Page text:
Lateral entry, upward expertise in Government

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Lateral entry, upward expertise in Government

While in a democracy an important issue like civil service reform would understandably become a subject of hot political debate, it would help if political parties at least appreciate the need for change and improvement

A significant news item just disseminated mentions that 10 positions at the level of Joint Secretary and above are being opened up for appointment of suitable persons from outside the system. This is obviously a follow up on action last year when instructions were provided by the Prime Minister’s office to the Department of Personnel and Training for preparing a broad outline of modalities for selecting private individuals for appointment in the ranks of Deputy Secretary, Director and Joint Secretary.

It was reported that this move was also a response to the huge shortage of officers at the middle management level within the Government. It was intended that the shortlisting of private sector executives or social workers would be through a matrix of experience and qualifications. The final selection would be carried out by a committee headed by the Cabinet Secretariat. The preliminary estimate was for about 40 individuals, including successful entrepreneurs, academicians and social workers who would be taken in through lateral entry, mainly at the Joint Secretary level.

In actual fact, the civil service structure in the country needs major overhaul. There are several reasons for substantial reform and harnessing talent as well as the manner in which officials function. The most important reason relates to the fact that Government decision-making and operations now require specialised expertise, and the quality of decision needs expertise-based as well as positive attitude-oriented improvements.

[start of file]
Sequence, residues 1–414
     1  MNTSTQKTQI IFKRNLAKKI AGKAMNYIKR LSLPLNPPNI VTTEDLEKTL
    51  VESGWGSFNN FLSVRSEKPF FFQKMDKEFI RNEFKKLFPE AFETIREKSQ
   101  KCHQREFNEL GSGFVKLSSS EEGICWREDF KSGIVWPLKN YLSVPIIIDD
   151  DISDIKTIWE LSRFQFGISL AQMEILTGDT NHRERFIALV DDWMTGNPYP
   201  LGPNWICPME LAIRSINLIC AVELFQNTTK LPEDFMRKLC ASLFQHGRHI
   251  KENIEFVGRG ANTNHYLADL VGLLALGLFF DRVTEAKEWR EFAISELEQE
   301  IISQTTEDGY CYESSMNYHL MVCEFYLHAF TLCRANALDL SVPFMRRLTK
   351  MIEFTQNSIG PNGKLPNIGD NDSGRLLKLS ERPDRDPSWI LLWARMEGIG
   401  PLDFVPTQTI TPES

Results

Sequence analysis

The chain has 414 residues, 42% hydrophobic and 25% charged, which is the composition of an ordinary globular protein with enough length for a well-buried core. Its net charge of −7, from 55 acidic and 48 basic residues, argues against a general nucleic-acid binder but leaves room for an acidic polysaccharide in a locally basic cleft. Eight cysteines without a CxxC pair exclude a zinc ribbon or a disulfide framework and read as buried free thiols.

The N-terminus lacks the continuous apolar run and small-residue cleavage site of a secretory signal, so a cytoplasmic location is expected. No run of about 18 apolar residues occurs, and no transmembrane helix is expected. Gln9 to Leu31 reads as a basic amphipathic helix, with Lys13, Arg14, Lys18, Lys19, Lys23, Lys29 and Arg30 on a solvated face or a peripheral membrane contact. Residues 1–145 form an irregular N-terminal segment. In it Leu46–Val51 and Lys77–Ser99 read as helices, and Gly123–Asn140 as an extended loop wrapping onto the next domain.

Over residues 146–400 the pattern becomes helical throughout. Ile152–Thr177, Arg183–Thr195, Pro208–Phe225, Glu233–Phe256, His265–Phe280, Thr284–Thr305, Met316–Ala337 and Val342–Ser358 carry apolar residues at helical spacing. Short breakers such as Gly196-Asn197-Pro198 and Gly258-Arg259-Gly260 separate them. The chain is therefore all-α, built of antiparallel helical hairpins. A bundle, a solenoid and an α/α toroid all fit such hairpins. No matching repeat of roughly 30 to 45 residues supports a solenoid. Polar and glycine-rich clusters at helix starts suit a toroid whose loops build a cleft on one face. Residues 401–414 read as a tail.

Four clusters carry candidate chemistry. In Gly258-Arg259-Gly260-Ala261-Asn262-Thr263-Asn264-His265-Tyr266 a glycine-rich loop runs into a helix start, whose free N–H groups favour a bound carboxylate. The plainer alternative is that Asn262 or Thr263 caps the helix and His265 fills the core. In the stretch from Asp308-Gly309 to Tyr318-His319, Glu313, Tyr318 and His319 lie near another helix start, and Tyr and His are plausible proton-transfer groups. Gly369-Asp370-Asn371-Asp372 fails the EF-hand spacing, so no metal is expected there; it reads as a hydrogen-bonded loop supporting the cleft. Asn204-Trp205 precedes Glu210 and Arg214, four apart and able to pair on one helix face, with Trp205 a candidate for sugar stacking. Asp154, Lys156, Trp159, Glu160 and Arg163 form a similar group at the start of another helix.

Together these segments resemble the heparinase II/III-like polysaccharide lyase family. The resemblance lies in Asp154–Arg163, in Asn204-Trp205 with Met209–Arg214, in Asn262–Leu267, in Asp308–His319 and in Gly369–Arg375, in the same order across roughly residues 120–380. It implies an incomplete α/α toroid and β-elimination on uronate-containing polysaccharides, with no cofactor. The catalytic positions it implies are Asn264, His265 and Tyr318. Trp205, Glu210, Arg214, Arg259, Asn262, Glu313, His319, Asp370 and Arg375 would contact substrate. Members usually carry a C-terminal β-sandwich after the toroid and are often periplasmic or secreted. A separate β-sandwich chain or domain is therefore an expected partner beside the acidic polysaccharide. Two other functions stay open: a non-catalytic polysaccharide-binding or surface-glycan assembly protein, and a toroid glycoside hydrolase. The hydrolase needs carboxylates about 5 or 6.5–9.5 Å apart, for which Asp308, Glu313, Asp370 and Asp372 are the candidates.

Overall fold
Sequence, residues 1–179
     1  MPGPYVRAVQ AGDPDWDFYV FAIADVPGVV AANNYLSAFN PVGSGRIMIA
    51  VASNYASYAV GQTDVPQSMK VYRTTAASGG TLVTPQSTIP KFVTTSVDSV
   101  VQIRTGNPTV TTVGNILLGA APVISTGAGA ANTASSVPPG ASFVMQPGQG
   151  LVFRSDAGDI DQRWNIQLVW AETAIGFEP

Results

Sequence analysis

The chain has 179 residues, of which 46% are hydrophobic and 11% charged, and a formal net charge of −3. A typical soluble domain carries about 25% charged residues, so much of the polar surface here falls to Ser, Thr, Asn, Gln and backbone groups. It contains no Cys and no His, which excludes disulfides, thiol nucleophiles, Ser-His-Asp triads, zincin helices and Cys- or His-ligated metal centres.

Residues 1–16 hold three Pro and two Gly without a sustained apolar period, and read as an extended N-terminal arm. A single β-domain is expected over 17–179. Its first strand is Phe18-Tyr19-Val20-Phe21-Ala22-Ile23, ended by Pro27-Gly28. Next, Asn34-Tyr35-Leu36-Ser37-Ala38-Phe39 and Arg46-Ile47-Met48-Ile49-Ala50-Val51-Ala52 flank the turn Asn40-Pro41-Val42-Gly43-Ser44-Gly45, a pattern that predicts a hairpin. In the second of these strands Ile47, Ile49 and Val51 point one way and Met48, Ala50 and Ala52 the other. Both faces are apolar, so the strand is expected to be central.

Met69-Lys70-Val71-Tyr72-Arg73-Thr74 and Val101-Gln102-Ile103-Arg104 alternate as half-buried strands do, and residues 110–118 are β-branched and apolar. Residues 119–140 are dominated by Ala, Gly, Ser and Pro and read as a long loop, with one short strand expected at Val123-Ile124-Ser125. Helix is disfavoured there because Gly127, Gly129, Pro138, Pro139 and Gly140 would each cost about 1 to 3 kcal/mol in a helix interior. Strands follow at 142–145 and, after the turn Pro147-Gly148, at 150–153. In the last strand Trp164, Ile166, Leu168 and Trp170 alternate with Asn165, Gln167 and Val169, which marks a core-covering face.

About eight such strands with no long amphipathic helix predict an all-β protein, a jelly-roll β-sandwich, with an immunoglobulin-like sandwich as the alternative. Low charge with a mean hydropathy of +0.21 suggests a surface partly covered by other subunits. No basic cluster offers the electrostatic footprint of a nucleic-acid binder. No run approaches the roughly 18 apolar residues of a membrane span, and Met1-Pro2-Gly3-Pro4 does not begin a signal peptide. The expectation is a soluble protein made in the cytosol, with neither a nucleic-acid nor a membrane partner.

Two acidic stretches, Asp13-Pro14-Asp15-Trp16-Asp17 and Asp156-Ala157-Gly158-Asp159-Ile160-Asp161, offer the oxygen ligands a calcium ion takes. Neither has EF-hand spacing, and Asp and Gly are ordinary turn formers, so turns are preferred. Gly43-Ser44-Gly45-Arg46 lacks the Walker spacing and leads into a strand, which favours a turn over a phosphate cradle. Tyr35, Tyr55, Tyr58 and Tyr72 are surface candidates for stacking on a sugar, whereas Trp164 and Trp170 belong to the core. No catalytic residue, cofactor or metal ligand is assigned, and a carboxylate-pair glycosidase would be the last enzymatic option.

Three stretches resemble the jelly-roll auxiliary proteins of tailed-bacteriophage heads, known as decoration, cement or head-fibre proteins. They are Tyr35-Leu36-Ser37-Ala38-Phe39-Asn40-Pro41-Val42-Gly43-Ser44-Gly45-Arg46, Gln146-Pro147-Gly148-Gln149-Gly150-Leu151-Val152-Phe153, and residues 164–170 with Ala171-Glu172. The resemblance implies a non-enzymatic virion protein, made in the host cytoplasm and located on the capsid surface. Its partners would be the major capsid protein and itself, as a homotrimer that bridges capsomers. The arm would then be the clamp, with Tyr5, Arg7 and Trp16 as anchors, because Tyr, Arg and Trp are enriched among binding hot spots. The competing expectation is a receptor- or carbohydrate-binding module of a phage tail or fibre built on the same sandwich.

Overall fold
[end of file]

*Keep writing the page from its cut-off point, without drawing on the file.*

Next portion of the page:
This writer has been travelling regularly to the People’s Republic of China since 1981, and was later a member of the China Council for International Cooperation on Environment and Development, a global level think tank established by the highest levels of the Chinese Government for rendering advice to them on issues of environment and development. Through the past decades it has become clear that the quality and content of decision making in China has been upgraded substantially by bringing in higher levels of specialised expertise for different sectors of the economy. Cynical comments that “things work in China only because of a unitary form of Government” clearly ignore the astronomical rate at which expertise at senior levels of government has been upgraded and specialised.

Most importantly, even though the price of failure in that system can be quite severe, Government officials are seldom hesitant to exercise their imagination and display entrepreneurial capabilities in decision-making, essentially because rewards and promotions are largely merit-based. This contrasts sharply with the scenario in India where playing safe and not taking decisions which may involve even the slightest risk of failure has become part of the prevailing culture.

We often refer to Sardar Patel’s description of the civil services of the country as the steel frame of India. But the context and the challenge at that stage was different. What we need today is a differently equipped cadre of qualified officials whose main task is to achieve equitable and sustainable development for the entire population of the country. It is a sad reality that India is still home to the largest number of people living in poverty among all the countries of the world. While at the time of Independence there may have been some merit in the inheritance of a system and administrative structure developed by the British, we have hardly effected any reform of the system in keeping with newer challenges over time.